Baby-Dreaming Rhapsody

Baby brain gets blamed for a lot of things, usually by the mother, but I have found I am employing it as a viable excuse for anything and everything on a regular basis. It did rescue me from a potentially sticky situation while still in the hospital though. Mrs Aitchworld had warned me that “baby bumps” don’t just disappear – they take a bit of work following the birth to diminish and that it would be a sensitive issue to a woman. In the dayroom one night, in the wee small hours as I was filtering lumps of coffee out of the sugar bowl, I got chatting to a young lady attired in pyjamas and a dressing gown; quite clearly a patient of the ward. She was of slight build, so she was sporting what could, in any other situation, have been an early pregnancy baby bump. We weren’t in the early pregnancy area of the maternity unit though – we were on the post-birth ward, but without even thinking I said to her “Have you had your baby yet?” As soon as the words left my mouth, I realised where I was and, more importantly, what I had done. As the tears welled in her eyes, I tried to recover the situation with a quick “Of course you have, you wouldn’t be on the ward otherwise. D’uh! Baby brain!” with a quick roll of the eyes, a shrug of the shoulders and a follow on distraction technique of, “We’re the ones with twins. Room 11, if you want come and see them. Here, I’ve cleaned up the sugar bowl for you”. Between sobs, she told me she was next door in Room 12, she didn’t take sugar and congratulated me on the birth of the twins. She never came to look at them though.  That seems like a lifetime ago now.

Since coming home, things haven’t improved. Before having the babies, Mrs Aitchworld was terrified that the cats would feel left out, or even pushed aside. Don’t worry, I told her; I won’t let that happen. And sure enough, they are getting the fuss and attention I promised they would continue to receive, but on one day in the first week home I emptied and cleaned their water bowl, forgetting to re-fill it before putting it back on the floor for them. The very next day I put biscuits into each of their bowls, but left them on the side in the kitchen rather than putting them on the floor, wondering later why there were muddy paw-prints all over the work surfaces. Baby brain!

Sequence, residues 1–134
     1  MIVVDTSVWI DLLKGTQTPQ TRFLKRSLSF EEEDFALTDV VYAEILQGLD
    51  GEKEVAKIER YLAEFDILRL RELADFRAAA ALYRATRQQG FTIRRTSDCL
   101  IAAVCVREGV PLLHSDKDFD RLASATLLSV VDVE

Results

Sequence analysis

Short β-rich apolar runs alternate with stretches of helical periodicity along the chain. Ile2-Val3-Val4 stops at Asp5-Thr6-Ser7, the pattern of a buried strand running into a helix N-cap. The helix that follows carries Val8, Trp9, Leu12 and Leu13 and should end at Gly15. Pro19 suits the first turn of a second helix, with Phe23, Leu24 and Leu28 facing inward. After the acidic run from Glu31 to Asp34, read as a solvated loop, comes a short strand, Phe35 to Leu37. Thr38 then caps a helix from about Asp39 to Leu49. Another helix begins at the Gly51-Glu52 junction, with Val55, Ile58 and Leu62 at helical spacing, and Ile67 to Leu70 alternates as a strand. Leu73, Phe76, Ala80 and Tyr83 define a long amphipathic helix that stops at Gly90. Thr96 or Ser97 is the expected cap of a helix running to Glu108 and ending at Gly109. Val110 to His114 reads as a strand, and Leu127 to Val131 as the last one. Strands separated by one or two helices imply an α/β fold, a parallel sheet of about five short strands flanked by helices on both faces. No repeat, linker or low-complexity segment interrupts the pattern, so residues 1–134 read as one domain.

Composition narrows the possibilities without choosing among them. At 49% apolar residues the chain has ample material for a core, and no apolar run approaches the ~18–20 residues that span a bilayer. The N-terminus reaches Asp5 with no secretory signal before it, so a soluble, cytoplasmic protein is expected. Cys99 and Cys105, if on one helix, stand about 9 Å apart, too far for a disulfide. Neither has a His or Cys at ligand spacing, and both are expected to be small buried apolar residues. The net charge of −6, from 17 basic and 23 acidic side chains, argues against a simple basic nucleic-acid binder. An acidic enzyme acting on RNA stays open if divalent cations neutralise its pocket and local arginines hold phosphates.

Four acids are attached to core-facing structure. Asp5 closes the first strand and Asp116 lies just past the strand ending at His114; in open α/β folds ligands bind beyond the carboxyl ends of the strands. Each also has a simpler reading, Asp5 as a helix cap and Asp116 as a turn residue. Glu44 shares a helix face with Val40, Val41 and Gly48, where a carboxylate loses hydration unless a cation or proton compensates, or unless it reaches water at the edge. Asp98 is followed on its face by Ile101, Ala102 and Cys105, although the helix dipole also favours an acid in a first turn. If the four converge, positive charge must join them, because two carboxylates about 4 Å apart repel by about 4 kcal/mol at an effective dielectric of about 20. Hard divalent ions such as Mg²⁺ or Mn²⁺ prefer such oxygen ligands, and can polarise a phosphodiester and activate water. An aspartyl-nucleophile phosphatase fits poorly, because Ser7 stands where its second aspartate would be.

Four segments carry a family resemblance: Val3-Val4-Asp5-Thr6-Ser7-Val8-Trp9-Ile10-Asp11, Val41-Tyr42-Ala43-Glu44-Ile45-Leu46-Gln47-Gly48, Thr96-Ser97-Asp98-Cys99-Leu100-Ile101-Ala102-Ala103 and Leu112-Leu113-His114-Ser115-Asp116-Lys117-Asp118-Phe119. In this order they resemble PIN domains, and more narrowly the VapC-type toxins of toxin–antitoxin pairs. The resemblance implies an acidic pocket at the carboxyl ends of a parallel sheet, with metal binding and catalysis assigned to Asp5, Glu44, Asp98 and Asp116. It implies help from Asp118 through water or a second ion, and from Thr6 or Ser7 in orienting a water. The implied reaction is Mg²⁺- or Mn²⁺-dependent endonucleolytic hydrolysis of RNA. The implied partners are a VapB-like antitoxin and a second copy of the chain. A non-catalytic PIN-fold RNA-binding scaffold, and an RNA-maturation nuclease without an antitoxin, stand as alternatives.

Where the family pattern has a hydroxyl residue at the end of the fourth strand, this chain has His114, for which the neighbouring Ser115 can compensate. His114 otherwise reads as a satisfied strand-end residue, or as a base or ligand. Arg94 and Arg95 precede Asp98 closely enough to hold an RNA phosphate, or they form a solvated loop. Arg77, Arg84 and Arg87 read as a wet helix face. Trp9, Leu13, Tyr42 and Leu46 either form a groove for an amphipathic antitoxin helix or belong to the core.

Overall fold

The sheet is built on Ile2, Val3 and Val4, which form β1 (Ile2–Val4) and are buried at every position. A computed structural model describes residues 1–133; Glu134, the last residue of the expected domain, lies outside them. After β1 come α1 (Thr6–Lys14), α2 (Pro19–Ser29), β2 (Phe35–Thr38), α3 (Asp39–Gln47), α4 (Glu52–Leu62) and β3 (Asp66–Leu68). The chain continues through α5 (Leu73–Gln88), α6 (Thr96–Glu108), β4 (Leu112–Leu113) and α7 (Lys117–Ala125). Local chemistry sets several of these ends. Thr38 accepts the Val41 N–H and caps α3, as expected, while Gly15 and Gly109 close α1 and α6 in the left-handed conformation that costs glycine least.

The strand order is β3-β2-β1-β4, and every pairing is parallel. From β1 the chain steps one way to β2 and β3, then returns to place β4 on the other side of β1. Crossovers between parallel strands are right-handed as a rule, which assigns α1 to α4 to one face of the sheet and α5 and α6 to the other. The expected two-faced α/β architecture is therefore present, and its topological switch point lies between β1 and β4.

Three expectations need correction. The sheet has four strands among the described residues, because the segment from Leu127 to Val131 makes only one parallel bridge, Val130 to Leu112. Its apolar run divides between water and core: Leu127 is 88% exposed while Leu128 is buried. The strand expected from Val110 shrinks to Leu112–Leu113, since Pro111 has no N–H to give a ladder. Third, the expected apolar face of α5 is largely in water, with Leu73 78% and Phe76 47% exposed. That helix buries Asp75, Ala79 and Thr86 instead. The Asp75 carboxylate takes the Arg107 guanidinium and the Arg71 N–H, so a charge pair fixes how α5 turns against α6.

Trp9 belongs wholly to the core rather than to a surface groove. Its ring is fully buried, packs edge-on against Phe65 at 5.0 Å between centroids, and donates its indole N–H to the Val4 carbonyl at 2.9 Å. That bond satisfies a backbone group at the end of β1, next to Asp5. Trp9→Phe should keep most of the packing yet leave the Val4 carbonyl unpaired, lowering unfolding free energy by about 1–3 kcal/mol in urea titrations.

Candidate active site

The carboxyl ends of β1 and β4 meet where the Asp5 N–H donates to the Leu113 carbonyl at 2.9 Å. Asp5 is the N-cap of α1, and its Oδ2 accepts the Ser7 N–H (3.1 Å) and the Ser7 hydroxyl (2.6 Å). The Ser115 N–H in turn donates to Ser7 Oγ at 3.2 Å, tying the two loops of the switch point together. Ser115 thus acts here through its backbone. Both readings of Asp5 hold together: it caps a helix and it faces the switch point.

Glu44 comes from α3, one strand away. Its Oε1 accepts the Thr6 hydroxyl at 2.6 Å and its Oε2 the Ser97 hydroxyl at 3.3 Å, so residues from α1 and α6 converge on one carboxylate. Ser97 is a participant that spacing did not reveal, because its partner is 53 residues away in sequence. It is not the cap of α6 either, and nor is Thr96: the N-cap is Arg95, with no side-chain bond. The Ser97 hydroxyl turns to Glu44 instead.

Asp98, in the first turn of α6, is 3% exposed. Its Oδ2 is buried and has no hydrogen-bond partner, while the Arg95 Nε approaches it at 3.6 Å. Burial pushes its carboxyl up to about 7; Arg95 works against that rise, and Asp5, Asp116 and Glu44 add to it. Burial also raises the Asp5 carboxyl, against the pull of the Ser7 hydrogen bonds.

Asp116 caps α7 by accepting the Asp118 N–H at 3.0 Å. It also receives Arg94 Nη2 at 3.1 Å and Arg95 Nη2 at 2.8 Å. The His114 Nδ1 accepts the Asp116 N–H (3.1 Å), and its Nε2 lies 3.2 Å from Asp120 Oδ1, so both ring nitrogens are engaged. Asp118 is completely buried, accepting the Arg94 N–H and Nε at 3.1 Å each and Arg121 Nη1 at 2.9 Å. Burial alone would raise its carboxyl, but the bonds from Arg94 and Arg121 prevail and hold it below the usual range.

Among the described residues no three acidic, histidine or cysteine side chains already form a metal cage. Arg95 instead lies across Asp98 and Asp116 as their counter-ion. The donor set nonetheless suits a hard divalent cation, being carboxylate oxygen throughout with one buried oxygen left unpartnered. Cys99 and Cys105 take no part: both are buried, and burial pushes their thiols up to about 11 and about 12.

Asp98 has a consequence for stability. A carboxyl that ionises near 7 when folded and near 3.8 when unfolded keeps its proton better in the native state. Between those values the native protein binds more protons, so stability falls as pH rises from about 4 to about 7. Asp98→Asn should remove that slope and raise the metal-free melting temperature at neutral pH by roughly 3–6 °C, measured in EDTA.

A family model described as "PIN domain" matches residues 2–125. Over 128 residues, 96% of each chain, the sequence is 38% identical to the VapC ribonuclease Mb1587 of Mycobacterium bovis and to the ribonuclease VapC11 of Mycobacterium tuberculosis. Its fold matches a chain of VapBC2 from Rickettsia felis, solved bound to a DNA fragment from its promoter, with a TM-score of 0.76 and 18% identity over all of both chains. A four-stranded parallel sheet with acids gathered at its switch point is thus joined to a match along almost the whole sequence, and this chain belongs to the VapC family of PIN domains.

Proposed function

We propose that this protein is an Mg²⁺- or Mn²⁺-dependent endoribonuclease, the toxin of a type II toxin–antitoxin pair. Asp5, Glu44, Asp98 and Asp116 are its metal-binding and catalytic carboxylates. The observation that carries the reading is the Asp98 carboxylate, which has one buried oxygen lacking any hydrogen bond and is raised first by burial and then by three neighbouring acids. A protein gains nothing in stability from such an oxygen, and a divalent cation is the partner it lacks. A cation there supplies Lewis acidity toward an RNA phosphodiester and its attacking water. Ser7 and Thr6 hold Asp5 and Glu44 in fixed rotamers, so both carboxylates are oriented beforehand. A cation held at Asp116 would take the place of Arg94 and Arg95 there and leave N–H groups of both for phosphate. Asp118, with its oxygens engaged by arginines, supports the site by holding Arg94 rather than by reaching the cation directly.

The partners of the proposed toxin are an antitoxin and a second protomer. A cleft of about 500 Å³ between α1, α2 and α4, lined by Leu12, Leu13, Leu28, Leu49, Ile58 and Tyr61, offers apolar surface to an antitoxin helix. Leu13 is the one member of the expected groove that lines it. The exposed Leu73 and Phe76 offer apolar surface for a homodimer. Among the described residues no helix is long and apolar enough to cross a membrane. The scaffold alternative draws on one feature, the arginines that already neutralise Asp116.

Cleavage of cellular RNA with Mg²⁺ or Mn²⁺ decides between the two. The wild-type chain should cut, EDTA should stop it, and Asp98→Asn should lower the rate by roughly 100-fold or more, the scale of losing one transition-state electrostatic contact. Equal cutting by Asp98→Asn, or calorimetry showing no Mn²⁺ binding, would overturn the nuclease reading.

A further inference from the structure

Just as I think I am getting used to being a Dad and have the handle on things, something new comes along and completely throws me, chief among which is the noises that the boys make. These sounds never fail to amuse me. There are often times at night when I am woken by the most bizarre noises.  Sometimes they are movements by the boys as they wrestle with sleep and arms twitch and legs kick out as REM gives way to some sort of dream state. And sometimes they are noises that they make from… Well, I’m not quite sure where they emanate from. Last night Arthur started making clicking sounds a bit like Flipper. I have no idea whether it was from his mouth or elsewhere. I didn’t know whether to pick him up to comfort him or throw him a fish.

Henry has a series of noises that he makes when he is eating (or should that be drinking, seeing as he lives on milk?) that change depending on how far he is through his meal. It doesn’t matter whether he is on the breast or whether I am giving him a bottle, he starts off with a noise not dissimilar to an angry hamster, moves onto distressed guinea pig snorts that then develop into impressions of a nanny goat with its beard stuck on barbed wire before finally culminating in a crescendo of what can only be likened to a donkey reaching the vinegar strokes.

This journey really is one of constant change, not least in looks. In an earlier missive I mentioned that Henry looked like a cross between myself, Mrs Aitchworld and Nigel Farage. Since then I have seen him look like Warren Clarke, Timothy Spall, Rich Hall, Stephen from Gogglebox (or it might be Chris – like Ant and Dec, I never know which is which) and Moe from the Simpsons. Mrs Aitchworld’s mum sent a picture of him looking like Wolfy Smith, but on this occasion I think it was more to do with him appearing to hold a fist in the air than any facial features shared with Robert Lindsay.

Arthur on the other hand has looked like Paul (the alien from the 2011 film), a baby macaque, on occasion (especially when he draws his legs up into his baby-grow) E.T. and, worst of all, the absolute spitting image of me. And despite all of these derogatory references, they are still pretty damn handsome, even though I do say it myself. We even took them to the doctor the other day, not because they were ill, but merely to show them to the doctor for them to be admired for their cuteness. (To be fair, Mrs Aitchworld had an appointment for an unrelated medical condition, so we just took them with us – we aren’t completely wasteful of NHS resources!)